On our next call, Christine told me she wanted me to start practicing some of the sleep hygiene tips I’d spent my career writing about: keep my phone far from my bed, get ready by candlelight, and write in a gratitude journal before turning out the lights. The know-it-all health editor in me rolled her eyes, but Christine had been right so far, so I quieted my inner critic and did what she recommended. I soon found that having a bedtime routine really helped, and keeping a gratitude journal was especially useful in helping me feel calmer and more at peace.

Christine helped me see that my perfectionist tendencies and controlling nature were at the source of my anxiety.

Over the course of the next few sessions, Christine helped me see that my perfectionist tendencies and controlling nature were at the source of my anxiety.
“You’ve been trying to control your sleep and get that perfect eight hours, but sleep cannot be controlled,” she said gently. “All you can do is invite it, and be kind and patient with yourself. Be at peace with the fact that you won’t get perfect sleep every night — no one does — but you can have the good nights outweigh the bad.”
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She had a point. I had convinced myself that I had to get eight hours of sleep a night, and when I didn’t, I’d beat myself up. What’s wrong with me? I’d think to myself. Why can’t I just sleep like everyone else?
Christine often had to remind me that I wasn’t the only one suffering from sleep issues. She also noted that while health experts recommend logging seven to eight hours of sleep per night, the amount of shut-eye a person needs can vary. To test this notion, she had me push back my bedtime from 11pm to 1am and get up at my usual time of 7 or 7:30am. She said going to sleep later would help mitigate some of my bedtime anxiety and help us figure out how much sleep I actually needed.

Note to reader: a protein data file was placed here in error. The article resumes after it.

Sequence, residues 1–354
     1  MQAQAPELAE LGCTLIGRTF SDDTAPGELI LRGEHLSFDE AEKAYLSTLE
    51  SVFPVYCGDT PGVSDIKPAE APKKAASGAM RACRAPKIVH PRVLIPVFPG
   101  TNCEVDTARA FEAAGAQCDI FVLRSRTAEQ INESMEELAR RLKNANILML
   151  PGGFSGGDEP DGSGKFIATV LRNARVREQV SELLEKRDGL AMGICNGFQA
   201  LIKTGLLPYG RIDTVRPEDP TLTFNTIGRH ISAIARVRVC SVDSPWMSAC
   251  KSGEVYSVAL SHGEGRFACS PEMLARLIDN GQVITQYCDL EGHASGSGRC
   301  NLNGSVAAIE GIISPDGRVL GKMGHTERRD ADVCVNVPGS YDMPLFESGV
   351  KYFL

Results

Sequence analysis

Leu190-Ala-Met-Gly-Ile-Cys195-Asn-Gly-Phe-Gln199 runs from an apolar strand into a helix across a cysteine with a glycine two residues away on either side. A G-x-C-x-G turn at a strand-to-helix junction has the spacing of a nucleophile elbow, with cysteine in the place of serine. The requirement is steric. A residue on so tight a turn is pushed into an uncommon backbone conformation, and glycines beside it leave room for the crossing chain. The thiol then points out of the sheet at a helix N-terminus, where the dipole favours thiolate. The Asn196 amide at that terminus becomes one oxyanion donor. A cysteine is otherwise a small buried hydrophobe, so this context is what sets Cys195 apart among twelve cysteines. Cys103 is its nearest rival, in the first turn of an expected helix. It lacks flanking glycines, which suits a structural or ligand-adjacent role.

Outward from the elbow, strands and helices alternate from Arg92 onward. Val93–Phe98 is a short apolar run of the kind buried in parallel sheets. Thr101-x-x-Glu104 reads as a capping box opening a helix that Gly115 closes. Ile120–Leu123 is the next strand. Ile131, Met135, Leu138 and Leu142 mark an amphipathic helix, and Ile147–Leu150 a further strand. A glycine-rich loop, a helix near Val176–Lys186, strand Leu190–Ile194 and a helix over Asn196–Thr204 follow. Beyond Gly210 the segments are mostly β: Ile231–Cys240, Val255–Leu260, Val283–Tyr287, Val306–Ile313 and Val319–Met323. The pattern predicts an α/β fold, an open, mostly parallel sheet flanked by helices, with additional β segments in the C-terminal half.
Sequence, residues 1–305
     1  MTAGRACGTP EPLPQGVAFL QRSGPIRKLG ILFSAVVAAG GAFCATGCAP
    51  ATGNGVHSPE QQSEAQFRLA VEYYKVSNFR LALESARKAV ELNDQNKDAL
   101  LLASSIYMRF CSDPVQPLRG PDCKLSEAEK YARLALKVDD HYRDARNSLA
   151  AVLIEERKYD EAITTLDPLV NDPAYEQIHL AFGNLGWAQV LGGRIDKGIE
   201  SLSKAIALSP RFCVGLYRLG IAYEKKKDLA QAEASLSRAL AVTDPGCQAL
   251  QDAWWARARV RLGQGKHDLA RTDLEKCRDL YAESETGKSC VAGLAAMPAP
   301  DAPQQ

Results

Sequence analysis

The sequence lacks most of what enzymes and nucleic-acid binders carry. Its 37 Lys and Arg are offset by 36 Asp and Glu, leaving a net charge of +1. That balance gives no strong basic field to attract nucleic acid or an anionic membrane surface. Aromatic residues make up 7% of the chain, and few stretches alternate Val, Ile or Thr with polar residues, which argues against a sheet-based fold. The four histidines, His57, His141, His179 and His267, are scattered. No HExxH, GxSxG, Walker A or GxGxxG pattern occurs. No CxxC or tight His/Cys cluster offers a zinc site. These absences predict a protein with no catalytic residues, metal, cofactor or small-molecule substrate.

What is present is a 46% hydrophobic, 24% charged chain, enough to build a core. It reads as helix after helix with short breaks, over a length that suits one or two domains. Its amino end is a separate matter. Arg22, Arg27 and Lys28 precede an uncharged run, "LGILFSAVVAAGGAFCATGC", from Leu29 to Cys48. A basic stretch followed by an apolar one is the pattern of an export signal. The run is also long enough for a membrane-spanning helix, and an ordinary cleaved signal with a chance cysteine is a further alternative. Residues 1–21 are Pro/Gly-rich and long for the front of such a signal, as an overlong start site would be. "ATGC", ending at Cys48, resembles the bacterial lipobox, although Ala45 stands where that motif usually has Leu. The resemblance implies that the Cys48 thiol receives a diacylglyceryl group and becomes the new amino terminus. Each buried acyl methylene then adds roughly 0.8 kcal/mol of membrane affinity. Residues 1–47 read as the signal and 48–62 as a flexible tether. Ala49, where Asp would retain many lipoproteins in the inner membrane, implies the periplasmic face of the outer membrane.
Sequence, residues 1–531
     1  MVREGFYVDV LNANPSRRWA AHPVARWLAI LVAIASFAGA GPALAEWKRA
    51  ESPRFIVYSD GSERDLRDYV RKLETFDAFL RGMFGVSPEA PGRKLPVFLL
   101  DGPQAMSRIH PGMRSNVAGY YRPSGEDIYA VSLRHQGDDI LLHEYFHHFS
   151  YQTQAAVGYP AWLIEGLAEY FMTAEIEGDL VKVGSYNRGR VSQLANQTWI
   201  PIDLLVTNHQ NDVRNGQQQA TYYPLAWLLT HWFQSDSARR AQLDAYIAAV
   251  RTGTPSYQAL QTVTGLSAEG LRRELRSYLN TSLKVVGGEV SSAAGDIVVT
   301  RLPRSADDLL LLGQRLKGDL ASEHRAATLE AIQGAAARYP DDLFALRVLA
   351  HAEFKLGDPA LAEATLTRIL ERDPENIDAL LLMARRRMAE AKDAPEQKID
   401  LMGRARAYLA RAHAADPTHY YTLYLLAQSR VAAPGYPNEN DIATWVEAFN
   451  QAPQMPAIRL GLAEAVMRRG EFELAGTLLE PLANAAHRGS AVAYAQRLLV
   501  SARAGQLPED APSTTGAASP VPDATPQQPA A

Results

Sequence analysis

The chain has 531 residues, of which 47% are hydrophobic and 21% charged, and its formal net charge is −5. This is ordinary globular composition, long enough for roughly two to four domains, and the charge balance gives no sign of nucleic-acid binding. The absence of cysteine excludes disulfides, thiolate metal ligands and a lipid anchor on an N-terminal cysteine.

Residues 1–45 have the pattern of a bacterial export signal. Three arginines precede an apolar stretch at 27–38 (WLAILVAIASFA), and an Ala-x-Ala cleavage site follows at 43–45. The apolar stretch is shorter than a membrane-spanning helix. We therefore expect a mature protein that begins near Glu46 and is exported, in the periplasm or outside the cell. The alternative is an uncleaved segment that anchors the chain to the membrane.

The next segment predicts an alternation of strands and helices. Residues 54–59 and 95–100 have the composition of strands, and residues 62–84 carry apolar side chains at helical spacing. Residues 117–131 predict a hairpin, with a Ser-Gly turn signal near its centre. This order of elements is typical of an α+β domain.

Turns out, pushing back my bedtime helped me fall asleep more easily (most likely because I was actually tired; at 11pm I’m usually still wired), and I woke up feeling restored and refreshed. For me, getting a solid six or six and half hours of sleep felt way better than going to bed “early” and tossing and turning for hours before falling asleep.
After three months of working with Christine, I’m proud to say that I went from four or five bad nights of sleep a week to just one or two. At one point during our work together, I even had a full two weeks of solid, uninterrupted sleep.
Since then, my sleep patterns have varied: Some weeks I feel like I’m back to where I started, tossing and turning several nights a week. Other times, I’ll surprise myself and have an entire week of great sleep. Recently, when I got frustrated because I had a few bad nights in a row, I pulled out my notes from my sessions with Christine and stopped on a page I had starred. I had written: You cannot control sleep — and it’s not your fault you can’t sleep!
I checked in with myself and realized that I’d been beating myself up again, and it was only making matters worse. That night before bed, I said to myself: You may or may not get any sleep tonight. Either way, you’ll be ok.
And I was.